In comparison to President George W. Bush's lofty characterization of America's geopolitical enemies as an "Axis of Evil," neuroscientists can now offer more grounded explanations for violence and conflict based on observable phenomena.

A new body of knowledge is emerging that examines violence and aggressive tendencies at the root level, using brain-imaging technology of modern neuroscience. More than 100 brain-imaging studies have shown structural and functional impairment in the brains of violent offenders, both adolescent and adult, according to Adrian Raine, the Richard Perry professor of criminology, psychiatry, and psychology at the University of Pennsylvania.

Raine's new book, The Anatomy of Violence: The Biological Roots Of Crime, examines an issue featured in Fox's House, a medical-detective drama that ran from 2006 to 2012. Raine says nearly 200 twin and adoption studies have shown that fully half of the procivity toward aggression, violence, and crime is inheritable. Brain dysfunction, he says, influences one's likelihood to engage in violence and crime in a way similar to an upbringing in a bad neighborhood.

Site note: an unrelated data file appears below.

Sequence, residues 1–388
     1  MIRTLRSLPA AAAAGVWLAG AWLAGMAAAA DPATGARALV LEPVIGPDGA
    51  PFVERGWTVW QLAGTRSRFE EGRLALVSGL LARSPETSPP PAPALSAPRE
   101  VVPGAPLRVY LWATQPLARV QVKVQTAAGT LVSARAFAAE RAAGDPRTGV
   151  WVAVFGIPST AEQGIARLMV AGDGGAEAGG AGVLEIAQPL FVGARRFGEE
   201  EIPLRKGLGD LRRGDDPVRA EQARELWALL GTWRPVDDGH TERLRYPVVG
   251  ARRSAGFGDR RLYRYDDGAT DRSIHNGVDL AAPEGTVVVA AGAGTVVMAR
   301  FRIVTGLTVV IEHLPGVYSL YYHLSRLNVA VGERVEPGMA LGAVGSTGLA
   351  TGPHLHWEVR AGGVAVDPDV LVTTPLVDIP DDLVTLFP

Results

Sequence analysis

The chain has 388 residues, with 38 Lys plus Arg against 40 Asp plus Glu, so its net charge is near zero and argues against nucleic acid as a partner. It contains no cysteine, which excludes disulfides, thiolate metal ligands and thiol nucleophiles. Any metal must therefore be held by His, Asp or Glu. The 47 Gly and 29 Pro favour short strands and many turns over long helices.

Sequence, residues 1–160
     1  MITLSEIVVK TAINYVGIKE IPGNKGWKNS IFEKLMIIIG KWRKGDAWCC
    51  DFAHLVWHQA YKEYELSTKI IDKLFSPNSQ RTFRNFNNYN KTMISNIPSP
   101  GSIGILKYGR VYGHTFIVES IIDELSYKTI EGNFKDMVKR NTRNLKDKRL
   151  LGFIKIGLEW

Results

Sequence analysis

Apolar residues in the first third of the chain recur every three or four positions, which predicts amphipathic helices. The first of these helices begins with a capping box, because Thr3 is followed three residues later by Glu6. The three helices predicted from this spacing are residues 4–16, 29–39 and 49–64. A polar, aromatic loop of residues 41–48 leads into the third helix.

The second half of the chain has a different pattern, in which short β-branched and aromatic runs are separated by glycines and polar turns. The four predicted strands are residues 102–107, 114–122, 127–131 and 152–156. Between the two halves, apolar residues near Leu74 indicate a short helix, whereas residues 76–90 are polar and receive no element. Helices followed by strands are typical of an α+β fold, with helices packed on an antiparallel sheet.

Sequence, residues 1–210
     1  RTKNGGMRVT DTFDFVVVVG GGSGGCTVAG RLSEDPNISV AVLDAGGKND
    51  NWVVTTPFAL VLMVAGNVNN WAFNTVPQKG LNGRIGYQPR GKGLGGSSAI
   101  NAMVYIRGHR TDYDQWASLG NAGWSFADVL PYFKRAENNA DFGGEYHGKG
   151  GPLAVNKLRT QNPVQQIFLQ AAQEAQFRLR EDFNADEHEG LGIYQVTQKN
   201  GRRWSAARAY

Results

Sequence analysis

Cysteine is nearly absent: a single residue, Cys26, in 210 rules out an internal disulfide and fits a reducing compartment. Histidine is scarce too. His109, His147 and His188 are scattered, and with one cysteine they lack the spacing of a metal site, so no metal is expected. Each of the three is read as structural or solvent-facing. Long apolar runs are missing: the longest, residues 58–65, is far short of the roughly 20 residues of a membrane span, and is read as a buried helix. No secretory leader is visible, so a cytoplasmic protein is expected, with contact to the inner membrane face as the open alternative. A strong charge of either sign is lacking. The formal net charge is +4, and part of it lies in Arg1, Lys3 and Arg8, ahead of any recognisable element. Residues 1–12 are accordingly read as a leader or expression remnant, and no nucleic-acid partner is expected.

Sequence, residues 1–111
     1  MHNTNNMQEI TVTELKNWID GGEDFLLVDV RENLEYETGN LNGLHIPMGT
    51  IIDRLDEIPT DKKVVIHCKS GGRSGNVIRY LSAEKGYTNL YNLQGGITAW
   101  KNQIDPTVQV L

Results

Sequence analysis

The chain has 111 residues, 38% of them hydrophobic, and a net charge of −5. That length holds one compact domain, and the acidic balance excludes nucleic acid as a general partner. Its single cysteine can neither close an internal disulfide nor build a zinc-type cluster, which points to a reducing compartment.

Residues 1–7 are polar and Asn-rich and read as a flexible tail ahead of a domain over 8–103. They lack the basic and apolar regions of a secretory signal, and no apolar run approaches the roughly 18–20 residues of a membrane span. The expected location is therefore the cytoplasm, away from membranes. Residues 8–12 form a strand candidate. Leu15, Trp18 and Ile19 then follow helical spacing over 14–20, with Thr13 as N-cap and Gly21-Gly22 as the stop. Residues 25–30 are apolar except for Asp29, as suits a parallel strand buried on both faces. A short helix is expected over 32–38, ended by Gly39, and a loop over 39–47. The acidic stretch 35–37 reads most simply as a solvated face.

Aside from genetics, environmental influences such as toxins may greatly impact one's future, he said. Maternal smoking and drinking double or triple the odds of adulthood delinquency. Birth complications — especially when combined with adverse childhood environments — also raise such chances. Raine says poor neonatal nutrition triples the incidence of antisocial personality disorder in adulthood. Specifically, poor nutrition seen in studies among 3-year-olds correlates to heightened aggressive and antisocial behavior during teenage years, he said.

"In my book, I argue that the answer [to preventing violence] goes well beyond gun control and is hidden away below most peoples' radar screen," he wrote in an editorial published by CNN. "The true culprit is bad biology."

The thought might frighten fans of dystopian novels and civil libertarians. Could brain-imaging detect criminal behavior in a person before they even commit a crime?

But Raine seeks to reassure critics. "Biological interventions need not be Draconian, and it's never to late to stop the rot," he says.

Randomized controlled studies have shown that stimulants, from antipsychotics to mood stabilizers, have been "surprisingly effective" in helping to reduce aggression in children and adolescents, he said. But aside from medications, diet improvements may help reduce aggression. One study showed a 35 percent reduction in violent offenses among young prisoners fed a diet higher in omega-3, a long-chain fatty acid critical for healthy brain structure and function, he said.

There is a difference, Raine said, between advocating for eugenics and pursuing a lofty — some would say impossible — goal of providing a baseline of health, one that would allow every human a good start.